To Live 10,000 Years: Warren Speaks His Mind

Danny Goldfield is traveling the country, meeting and photographing centenarians for his project To Live 10,000 Years. His goal: Document one woman and one man age 100 years or older in each of the 50 United States.

When I drove into Montana I didn’t know anybody in the state. I randomly chose the town of Livingston as my destination, walked down Main Street until I found Chadz Cafe, and asked Chad if he knew anyone at least 100 years old. He pointed me toward a senior center two blocks away and sent me off with a mug of coffee.

At the center, I joined a table of older gentleman who served me breakfast and told me about Warren McGee, a Livingston centenarian. He had worked as a conductor for the railroad for decades. As a side hobby he photographed the trains and many of his photos were published and exhibited.  Now his wife and children were gone and Warren lived down the road at Highgate Senior Living in Bozeman.

I returned Chad’s mug and headed to Warren.

Two administrators at Highgate warned me that Warren lived in the memory unit, he was blind and didn’t talk much. I encouraged them to call Warren’s niece to approve my visit with him, and the next morning I was given the security code to the memory unit.

Warren | 100 years old | Montana

Warren | 100 years old | Montana

Over the three days I spent with Warren, he was increasingly talkative. Sure, his memory was a little shot, but we sat together on a bench and had long conversations.

As I photographed Warren and he shared what was on his mind, I kept thinking, “Who is this poet?!”

“It’s hard to be a human being. Did you know that?…” – Warren McGee

Warren is the kind of poet who liked to combine bluntness with profanity and laughter.

Warren might be blind, hard of hearing and have memory issues, but he has plenty to say — if you want to hear it, you just have to sit on a bench with him and take the time.

Warren | 100 years old | Montana

Warren | 100 years old | Montana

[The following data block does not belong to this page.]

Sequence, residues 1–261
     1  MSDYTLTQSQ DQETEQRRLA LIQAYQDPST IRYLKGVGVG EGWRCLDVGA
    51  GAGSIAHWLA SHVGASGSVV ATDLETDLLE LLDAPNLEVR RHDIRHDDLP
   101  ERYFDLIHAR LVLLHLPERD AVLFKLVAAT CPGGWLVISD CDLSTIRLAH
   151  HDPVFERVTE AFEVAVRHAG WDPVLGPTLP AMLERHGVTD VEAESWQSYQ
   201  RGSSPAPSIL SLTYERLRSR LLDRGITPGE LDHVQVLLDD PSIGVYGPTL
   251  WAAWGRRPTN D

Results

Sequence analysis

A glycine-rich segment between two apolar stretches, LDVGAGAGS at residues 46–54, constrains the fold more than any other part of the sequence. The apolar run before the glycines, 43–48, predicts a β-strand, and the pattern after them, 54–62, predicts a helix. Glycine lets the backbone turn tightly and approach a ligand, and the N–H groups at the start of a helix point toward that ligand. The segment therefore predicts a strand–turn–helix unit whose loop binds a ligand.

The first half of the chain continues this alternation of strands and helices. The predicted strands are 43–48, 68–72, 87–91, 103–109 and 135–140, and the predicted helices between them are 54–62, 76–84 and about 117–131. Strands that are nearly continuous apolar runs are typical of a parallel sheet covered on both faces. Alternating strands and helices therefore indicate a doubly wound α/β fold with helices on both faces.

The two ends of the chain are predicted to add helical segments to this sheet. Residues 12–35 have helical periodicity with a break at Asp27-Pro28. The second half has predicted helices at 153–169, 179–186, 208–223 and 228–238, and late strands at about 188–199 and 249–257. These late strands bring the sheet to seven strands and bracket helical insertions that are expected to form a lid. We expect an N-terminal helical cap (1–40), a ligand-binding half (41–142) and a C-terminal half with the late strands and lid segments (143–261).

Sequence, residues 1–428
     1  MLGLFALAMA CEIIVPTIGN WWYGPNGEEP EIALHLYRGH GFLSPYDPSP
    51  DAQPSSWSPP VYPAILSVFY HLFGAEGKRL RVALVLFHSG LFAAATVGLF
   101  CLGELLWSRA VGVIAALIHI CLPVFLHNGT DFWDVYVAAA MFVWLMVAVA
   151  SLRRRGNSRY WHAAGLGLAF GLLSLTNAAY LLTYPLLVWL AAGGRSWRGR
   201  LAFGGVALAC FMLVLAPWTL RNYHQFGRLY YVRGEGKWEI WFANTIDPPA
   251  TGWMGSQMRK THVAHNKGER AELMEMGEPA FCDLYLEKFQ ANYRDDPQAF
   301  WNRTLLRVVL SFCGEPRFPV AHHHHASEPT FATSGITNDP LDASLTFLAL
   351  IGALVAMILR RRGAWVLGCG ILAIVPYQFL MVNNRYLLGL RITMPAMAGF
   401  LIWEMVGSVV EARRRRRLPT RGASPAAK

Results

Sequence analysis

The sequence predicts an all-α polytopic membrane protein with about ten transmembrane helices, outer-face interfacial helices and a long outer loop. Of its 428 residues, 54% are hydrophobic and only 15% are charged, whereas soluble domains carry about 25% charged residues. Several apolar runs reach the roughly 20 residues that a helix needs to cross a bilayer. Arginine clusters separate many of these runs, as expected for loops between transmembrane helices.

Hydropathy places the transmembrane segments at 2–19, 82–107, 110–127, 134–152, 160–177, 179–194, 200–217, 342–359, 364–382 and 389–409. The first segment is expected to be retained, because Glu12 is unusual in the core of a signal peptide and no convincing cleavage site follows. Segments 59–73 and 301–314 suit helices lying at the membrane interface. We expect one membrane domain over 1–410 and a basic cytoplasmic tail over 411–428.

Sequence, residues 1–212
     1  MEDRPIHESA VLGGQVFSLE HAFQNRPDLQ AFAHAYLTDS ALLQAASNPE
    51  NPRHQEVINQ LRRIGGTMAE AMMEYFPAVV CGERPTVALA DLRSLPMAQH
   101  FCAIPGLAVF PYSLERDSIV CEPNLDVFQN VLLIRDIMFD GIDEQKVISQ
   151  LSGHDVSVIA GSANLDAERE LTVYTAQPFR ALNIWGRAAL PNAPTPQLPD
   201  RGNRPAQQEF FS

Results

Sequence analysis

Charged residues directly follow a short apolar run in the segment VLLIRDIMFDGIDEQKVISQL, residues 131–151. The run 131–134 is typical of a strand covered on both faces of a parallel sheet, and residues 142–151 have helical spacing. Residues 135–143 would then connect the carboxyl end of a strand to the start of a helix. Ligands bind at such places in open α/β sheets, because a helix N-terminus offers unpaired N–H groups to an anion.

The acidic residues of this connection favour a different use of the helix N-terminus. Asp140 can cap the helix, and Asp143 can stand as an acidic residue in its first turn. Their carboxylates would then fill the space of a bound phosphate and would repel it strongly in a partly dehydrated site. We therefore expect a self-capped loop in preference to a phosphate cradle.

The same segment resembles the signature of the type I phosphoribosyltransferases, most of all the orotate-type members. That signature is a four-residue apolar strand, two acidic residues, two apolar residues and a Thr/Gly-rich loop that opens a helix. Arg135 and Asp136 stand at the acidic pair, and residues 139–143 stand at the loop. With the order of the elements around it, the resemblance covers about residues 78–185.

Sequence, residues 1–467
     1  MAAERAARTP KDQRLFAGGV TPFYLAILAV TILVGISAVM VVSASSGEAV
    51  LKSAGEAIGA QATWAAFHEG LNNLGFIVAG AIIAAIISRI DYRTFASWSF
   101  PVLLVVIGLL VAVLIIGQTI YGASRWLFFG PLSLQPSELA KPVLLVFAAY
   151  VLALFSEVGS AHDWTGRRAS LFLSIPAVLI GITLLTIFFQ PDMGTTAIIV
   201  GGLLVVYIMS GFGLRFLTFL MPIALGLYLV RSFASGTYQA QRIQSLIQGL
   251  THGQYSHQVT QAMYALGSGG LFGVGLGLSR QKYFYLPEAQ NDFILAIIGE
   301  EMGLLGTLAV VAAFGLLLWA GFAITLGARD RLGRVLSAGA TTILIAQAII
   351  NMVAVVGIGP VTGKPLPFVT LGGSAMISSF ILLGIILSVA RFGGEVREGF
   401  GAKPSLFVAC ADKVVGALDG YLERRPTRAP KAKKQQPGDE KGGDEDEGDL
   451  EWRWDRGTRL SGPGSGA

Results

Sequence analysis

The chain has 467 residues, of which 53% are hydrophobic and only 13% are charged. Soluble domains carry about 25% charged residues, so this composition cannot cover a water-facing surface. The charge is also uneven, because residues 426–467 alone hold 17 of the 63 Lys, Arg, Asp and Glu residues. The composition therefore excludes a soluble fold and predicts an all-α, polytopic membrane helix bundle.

Warren | 100 years old | Montana

Warren | 100 years old | Montana

Warren | 100 years old | Montana

Warren | 100 years old | Montana

SHARE & PRINT!Share on FacebookTweet about this on TwitterPin on PinterestPrint this pageEmail this to someone
5 comments
  • Dan OConnell
    REPLY

    Warren is “The Man” when it comes to Northern Pacific Railroad veterans. His contributions to Northern Pacific Railroad Association and Montana history in general are extremely valuable and appreciated. He probably had now idea how legendary he would become.

    • Delores Morrow, MHS Photograph Archives
      REPLY

      Warren McGee donated his collection of photographs to the Montana Historical Society (MHS), Helena, MT, in 1997. A description of his collection is below. Researchers interested in seeing Warren’s railroad photographs can visit the MHS Research Center’s Photograph Archives.

      Catalog # PAc 97-93
      17,164 black and white prints and/or negatives, 13,284 color slides, 550 rolls of color negative, and 2040 color prints. The majority of the images were taken by Warren McGee, but the collection also contains images by A. C. Noble and by Ronald V. Nixon. Most of the McGee Collection focuses on views of Northern Pacific Railroad locomotives. The collection also represents other rail lines, most particularly Great Northern, Milwaukee and Union Pacific.

  • Fr. Dale Peterka in Cincinnati
    REPLY

    Warren and his pal, Ron Nixon, also a Northern Pacific employee for many years, were among the first to transform the hobby of railroad photography. Before Warren, most photographers were busy taking portraits of steam engines standing still with rods down and no steam or smoke apparent. Warren would be out on a hillside somewhere in Montana (usually) waiting to capture the engine in action. With a train in tow. Smoke. Steam. Even sand blowing on the rails for better traction. The entire photograph would be a work of art, with the curved track, a river or stream, a hillside, a huge bridge or a tunnel portal adding to the final effect.
    Today you can see the work of Warren’s hundreds of admirers and their imitators on a website called “RailPictures”. The young fellers are using digital cameras these days; Warren used roll-film cameras as big as Bibles. Only eight shots on a roll of film, and then you had to reload! Focus, lens aperture and shutter speed were by-guess-and-by-gosh. You can see the results in the spectacular “The Northern Pacific of McGee and Nixon”. –Probably out of print, but there are always a few copies floating around on the internet.

Leave a Reply

Your email address will not be published.